These are only some of the reasons that individuals struggle with substance addiction. Underlying each of these is pain, suffering, and difficulty in coping with the daily hardships that a person faces in life.
The more a person uses substances as their crutch, the less they can stand up on their own. Brain chemicals and habits kick in, and they become dependent. Fortunately, new habits can, in fact, be formed and the brain can be rewired to heal damages that have occurred. This can lead to a new, sober life for the individual, full of freedom and clarity.
It can be very difficult to face a situation in which you suspect your child or loved one is using drugs. The balance can seem delicate. You want to find out if they’re using so that you can help them out of the pit they are digging before it is too late, but also you don’t want to suspect them for fear that your suspicions are incorrect. You care about them though and you just want them to be happy.
Creating a Positive Mindset
Rather than confronting your child on the matter, do your best to approach them with a mindset of compassion and care. Let them know that you are interested in them and that you so badly only want them to be happy and have a future of success. Then, instead of asking them if they’ve been doing drugs, ask them about some of the behaviors you have witnessed and try to discuss these with them in as healthy of a way as you can. You could end up discovering that they are not using and that it has been something else creating their behavior the whole time.
Follow your gut. You know your child better than most. If you don’t feel right about the answer you receive, chances are your child could be lying to defend their crutch. Don’t take this personally. Understand that this is a means for their dealing with internal suffering and they will attempt to hide and defend it.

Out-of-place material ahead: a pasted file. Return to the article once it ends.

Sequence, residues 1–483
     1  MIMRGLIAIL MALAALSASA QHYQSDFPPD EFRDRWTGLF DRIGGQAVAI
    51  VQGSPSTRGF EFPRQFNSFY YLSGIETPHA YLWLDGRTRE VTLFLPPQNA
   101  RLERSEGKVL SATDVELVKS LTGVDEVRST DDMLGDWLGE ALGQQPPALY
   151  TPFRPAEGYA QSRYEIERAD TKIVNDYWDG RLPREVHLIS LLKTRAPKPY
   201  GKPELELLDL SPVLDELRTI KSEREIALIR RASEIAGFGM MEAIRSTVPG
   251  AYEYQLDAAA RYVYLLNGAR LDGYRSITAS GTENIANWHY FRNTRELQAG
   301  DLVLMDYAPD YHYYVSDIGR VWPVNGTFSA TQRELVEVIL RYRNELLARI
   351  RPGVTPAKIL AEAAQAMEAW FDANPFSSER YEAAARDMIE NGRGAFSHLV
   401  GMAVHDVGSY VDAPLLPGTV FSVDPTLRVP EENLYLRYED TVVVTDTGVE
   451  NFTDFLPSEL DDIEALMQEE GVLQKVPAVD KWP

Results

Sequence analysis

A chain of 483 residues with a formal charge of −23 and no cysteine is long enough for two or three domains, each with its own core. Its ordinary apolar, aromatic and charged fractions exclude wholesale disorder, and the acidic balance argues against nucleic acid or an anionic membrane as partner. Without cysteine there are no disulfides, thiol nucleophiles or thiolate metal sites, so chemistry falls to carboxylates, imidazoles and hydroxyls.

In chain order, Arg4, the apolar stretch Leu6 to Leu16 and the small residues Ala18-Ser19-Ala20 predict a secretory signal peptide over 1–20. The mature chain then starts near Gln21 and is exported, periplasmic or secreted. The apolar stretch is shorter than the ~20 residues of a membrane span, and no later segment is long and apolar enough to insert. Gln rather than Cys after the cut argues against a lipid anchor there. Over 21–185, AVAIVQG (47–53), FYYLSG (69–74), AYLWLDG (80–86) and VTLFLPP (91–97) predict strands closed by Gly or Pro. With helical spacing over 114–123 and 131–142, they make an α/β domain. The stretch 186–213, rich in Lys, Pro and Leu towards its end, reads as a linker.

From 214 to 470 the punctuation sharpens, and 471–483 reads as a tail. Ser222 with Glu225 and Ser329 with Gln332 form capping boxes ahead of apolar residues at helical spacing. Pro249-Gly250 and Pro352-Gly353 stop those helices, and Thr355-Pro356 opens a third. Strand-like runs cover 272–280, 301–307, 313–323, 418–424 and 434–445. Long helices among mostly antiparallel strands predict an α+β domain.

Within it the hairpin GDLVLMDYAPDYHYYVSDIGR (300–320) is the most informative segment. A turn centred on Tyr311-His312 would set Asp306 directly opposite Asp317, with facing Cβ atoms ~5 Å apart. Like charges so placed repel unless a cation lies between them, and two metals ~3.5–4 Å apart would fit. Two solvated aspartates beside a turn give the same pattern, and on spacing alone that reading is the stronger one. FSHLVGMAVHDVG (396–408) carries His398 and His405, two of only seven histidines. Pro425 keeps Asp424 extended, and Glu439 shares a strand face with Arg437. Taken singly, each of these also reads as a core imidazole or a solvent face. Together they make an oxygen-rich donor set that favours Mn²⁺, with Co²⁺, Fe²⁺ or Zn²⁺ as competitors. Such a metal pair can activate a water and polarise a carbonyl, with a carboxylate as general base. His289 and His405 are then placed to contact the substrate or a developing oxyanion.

They need to be brought to the realization though that this will damage their lives. If you cannot motivate your child to pursue sobriety for themselves, remember that you are their parent, and as their parent, you have a responsibility for your child’s safety. You must take the necessary steps as their parent and their friend. Waiting will not do you or your child any good.
Utah Family Therapy specializes in helping teens and young adult addicts. We can guide your child to sobriety through education, motivation, empathy, and the building of real-life skills that will help them develop a life in which they no longer need substances to cope.
Utah Family Therapy will teach you and your child how to communicate with honesty and understanding. We incorporate your family and community in your child’s healing process in a unique way, using cutting-edge methods of Multi-systematic and Intensive Outpatient Therapy. We have trained experts in this field that will work with your child on a weekly basis. In addition, we have a daily Personal Mentor that understands your child’s situation and will help them work through their issues with the use of personal and professional experience in addiction recovery.
Give us a call at 801-901-0279
Utah Family Therapy is focused on helping your teenager, young adult and family find healing from substance addiction. We want to help you give your child the best chance possible for succeeding in life. If your child had a serious injury, you would want to take them to a specialist that deals specifically with their injuries; not a facility that does everything.
Call us now to confidentially speak directly with a therapist: 801.901.0279